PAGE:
Before and since its entry into the Union in 1864, the colors silver and blue have been associated with Nevada.
The mineral, silver, has played a major role in the state's economy since the discovery of the famous Comstock Lode in 1858. When Nevada gained statehood in 1864, silver was the primary metal being mined. In 1999, Nevada produced 30% of the nation's silver. In the early 1980s, Nevada license plates began to display one of the state's most prominent nicknames, "The Silver State." According to the U.S. Geological Survey, in 2006, Nevada ranked second, behind only Alaska, in the production of silver. 1
Nevada's official state metal is silver.
Blue reflects the cobalt blue of Nevada's flag and the official state bird, the mountain bluebird.
Assembly Bill No. 666 was brought to the Legislature, and read for the first time on May 13, 1983, by Assemblyman Bruce Bogaert. The bill was referred to the Assembly Committee on Government Affairs.
On May 16, 1983, Assemblyman Bogaert offered testimony in the Committee. His testimony is logged in the Minutes of the Nevada State Legislature.
You will notice all of the things that are official in the State of Nevada. It wasn't too long ago that the bird wasn't official. Finally the bird was made official. For some reason or another we still do not have the colors silver and blue as the official State colors of Nevada even though we know those are the official State colors. You might also notice that on the State map, they list various things and again I find they don't have the colors. I would like you to take the view of a tourist. You have entered the State of Nevada and you have picked up a map or gone through a Visitor's Center and you find out that after 118 years the State of Nevada cannot decide that silver and blue are their official colors.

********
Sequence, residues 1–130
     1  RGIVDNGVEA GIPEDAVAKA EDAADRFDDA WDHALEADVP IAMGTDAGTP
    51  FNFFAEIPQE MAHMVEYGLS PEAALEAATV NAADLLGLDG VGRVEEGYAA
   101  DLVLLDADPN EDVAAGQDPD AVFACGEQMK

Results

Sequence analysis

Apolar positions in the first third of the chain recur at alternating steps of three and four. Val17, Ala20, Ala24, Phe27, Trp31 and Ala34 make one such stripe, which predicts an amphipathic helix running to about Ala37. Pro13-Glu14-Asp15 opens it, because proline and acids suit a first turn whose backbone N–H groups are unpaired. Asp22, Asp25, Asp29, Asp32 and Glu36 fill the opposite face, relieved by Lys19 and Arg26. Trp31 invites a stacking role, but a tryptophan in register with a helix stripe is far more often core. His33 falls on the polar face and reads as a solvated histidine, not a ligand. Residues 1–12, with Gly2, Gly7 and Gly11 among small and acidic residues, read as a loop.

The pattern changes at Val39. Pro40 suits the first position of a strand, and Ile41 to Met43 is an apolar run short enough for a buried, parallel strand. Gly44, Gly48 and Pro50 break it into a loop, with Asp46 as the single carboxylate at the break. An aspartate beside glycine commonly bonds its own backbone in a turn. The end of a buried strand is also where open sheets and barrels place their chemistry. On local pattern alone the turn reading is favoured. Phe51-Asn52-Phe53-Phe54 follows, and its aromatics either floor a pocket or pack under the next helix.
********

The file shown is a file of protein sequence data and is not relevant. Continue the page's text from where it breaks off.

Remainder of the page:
("Minutes of the Nevada State Legislature" 1)
Though we can't know at this date what Mr. Bogaert was thinking, his words express an utter disbelief that the matter of state colors had been neglected for so long.
Perhaps all of the Nevada legislators shared Mr. Bogaert's sentiments. There doesn't appear to have been any dissent concerning this bill. It was approved in the Assembly and the Senate in a week's time and signed into law six days later.
Silver and blue became the official state colors when Governor Richard Bryan signed Assembly Bill No. 666 on May 25, 1983.
Assembly Bill No. 666 - Assemblyman Bogaert
AN ACT relating to state symbols; designating the state colors as silver and blue; and providing other matters properly relating thereto.
(Approved May 25, 1983)
THE PEOPLE OF THE STATE OF NEVADA, REPRESENTATED IN SENATE AND ASSEMBLY, DO ENACT AS FOLLOWS:
Section 1. Chapter 235 of NRS is hereby amended by adding thereto a new section which shall read as follows:
The colors silver and blue are hereby designated as the official state colors of the State of Nevada.
The following information was excerpted from the NEVADA REVISED STATUTES, Title 19, Chapter 235, Section 235.025.
TITLE 19—MISCELLANEOUS MATTERS RELATED TO GOVERNMENT AND PUBLIC AFFAIRS
CHAPTER 235 - STATE EMBLEMS; GIFTS AND ENDOWMENTS